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Arga River Park

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The river that flows through Pamplona is called the Arga. And its course has become a colourful nature walk of around 12 kilometres. It also has a long and winding river walk, the Parque Fluvial, which meanders along about 12 kilometres. The million square metres it covers make it the first and largest green space in the city.

This route is a river park , a symbiosis of water and vegetation, will guide you along historical bridges, dams, mills, bridges, gardens, parks, jetties, picnic areas, fishing points, farms, market gardens, fields with horses and cows, fountains, a frontón (Basque pelota court) and even an Environmental Education Museum can be found along this attractive and easily accessible walk, the symbiosis of water and vegetation.

Sometimes the river gets close to the city and on other occasions it 'hides' from it, passing through areas where fishermen cast their rods and where canoeists or cyclists enjoy their sports to idyllic 'oases of peace'; it either flows wide and slowly or foams up when it runs over dams or through narrower sections... Why not follow its course?


The Arga River Park covers a long distance of 130 kilometres along the banks of the river Arga. It enters the city of Pamplona through the market gardens of La Magdalena, whose produce is of excellent quality and taste. It then crosses the neighbourhood of La Rochapea and leaves the city, after getting close to the centre, through the suburb of San Jorge. It also runs along the banks of many places in the Pamplona Basin such as Burlada, Villava, Arre, Barañáin or Zizur Mayor.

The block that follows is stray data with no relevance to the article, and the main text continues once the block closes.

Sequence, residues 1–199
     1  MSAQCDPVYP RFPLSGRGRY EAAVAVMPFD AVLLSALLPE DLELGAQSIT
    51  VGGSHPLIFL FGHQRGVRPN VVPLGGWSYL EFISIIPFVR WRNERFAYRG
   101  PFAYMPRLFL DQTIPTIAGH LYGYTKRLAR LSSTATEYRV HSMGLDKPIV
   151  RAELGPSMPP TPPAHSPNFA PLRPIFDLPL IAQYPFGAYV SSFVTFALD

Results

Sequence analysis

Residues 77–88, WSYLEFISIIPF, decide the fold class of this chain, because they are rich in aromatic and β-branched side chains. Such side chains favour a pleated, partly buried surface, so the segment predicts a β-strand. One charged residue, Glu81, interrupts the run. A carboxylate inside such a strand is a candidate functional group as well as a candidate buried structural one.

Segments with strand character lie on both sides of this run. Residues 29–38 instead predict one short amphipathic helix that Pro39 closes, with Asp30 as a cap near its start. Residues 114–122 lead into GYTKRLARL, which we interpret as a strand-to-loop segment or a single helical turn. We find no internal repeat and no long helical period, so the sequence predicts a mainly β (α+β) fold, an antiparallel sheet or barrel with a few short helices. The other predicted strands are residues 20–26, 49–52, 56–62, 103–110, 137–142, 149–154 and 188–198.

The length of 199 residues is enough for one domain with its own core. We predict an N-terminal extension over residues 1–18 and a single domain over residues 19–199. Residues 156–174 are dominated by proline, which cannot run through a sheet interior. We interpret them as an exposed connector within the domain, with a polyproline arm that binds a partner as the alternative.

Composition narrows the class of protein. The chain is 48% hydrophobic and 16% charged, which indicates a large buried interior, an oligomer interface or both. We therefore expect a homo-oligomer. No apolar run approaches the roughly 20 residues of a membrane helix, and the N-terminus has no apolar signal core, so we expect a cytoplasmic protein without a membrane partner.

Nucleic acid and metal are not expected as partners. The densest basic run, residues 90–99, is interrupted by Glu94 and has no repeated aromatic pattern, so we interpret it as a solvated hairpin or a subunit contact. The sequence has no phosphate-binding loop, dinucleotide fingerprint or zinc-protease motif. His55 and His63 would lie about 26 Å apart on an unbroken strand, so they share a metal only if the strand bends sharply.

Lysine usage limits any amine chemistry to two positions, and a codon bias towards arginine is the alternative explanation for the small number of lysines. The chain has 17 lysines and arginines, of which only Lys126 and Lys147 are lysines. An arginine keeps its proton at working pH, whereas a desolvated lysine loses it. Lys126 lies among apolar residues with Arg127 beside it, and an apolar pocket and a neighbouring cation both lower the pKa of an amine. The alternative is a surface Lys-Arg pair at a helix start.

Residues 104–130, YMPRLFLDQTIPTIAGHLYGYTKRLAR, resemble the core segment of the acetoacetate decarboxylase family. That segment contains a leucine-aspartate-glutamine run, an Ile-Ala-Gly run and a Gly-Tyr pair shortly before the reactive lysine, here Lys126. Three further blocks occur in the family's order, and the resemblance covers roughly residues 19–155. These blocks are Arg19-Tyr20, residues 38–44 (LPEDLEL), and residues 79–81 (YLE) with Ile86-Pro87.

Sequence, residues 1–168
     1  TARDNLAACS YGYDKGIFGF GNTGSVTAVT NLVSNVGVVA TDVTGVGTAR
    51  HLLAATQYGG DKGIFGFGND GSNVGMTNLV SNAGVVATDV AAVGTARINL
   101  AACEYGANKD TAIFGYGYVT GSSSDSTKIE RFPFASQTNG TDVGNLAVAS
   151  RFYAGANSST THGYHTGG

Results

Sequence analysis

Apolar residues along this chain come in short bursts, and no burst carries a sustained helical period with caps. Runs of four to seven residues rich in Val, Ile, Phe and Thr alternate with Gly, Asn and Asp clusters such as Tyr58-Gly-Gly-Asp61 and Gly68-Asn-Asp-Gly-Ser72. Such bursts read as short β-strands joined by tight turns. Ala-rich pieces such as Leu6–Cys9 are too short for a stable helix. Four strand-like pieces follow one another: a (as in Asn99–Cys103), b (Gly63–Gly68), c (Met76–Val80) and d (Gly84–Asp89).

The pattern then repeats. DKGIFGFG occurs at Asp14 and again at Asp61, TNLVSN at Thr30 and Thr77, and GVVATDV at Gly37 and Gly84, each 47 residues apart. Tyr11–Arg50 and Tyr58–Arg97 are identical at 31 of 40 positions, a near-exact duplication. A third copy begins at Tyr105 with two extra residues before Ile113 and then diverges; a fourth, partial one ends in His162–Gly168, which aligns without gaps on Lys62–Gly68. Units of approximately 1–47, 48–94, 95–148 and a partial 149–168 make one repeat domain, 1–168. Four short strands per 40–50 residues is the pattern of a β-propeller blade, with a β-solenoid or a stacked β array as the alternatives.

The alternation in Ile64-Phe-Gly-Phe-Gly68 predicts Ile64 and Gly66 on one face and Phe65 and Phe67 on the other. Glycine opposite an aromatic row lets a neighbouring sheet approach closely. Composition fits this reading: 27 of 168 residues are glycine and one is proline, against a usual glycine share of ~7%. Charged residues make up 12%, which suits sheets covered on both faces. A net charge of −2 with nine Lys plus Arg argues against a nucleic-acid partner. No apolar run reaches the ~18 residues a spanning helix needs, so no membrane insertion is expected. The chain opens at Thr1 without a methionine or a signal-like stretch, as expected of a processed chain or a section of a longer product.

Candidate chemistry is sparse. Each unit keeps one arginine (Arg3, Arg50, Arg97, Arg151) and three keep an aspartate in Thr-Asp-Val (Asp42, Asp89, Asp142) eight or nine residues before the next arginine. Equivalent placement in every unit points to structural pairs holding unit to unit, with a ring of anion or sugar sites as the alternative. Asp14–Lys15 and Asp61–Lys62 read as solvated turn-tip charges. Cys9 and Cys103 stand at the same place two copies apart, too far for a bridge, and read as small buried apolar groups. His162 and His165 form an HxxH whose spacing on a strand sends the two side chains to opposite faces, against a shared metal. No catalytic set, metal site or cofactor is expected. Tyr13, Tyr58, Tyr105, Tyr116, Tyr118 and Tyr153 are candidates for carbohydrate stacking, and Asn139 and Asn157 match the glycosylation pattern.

This delightful green zone is the result of environmental recovery work started in the 1990s. It is a long and uninterrupted nature walk that can be enjoyed on foot or by bicycle that runs along new parks, footbridges, nine bridges, jetties and renovated mills, accompanied by Ash, willow, alder, lime trees or sloe bushes and tortoises, fish and ducks, among others.

In Pamplona, the route is divided into four sections from east to west: Magdalena, Aranzadi, Rochapea and San Jorge.

The
  • Meander of La Magdalena: several farms and market gardens, whose produce is well-known for its quality and taste. There is also a picturesque dam at the 'Mill of Caparroso' and the bridge of La Magdalena, which leads to the Park of Tejería. A striking feature is the mediaeval bridge of La Magdalena, which is crossed by travellers on the Pilgrims' Way to Santiago de Compostela.


  • The Aranzadi section is further away from the city walls and starts at the 'Mill of Ciganda', a spot often painted by local artists. In calle Errotazar is the Environmental Education Museum and, a little further on, the Bridge of San Pedro, the oldest in the city. Its origins go back to the Roman period.


  • The Rochapea section approaches the Old Part of the city, a busy shopping and leisure area, with the towers of the Cathedral in the background. There are many bridges over the river, some of them modern: el Vergel, La Rochapea (also known as 'Curtidores'), Oblatas, Santa Engracia and Cuatro Vientos.


  • In the San Jorge section the river walk passes a frontón, a fountain, a dam, a bridge and a mill. The parks of San Jorge and Biurdana flank the river's course. Up the hill is the neighbourhood of San Juan, and a little further on, the Bridge of Miluce marks the north-western boundary of the city.


  • From there on, the Arga flows on through a tree-lined landscape that it is tranquil and silent. Pamplona has now been left behind.

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    Did you know that...?

    is one of the 35 resources selected in the Route of Landscape of Navarre. Water and viewpoints.

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    Todo el año: acceso libre.

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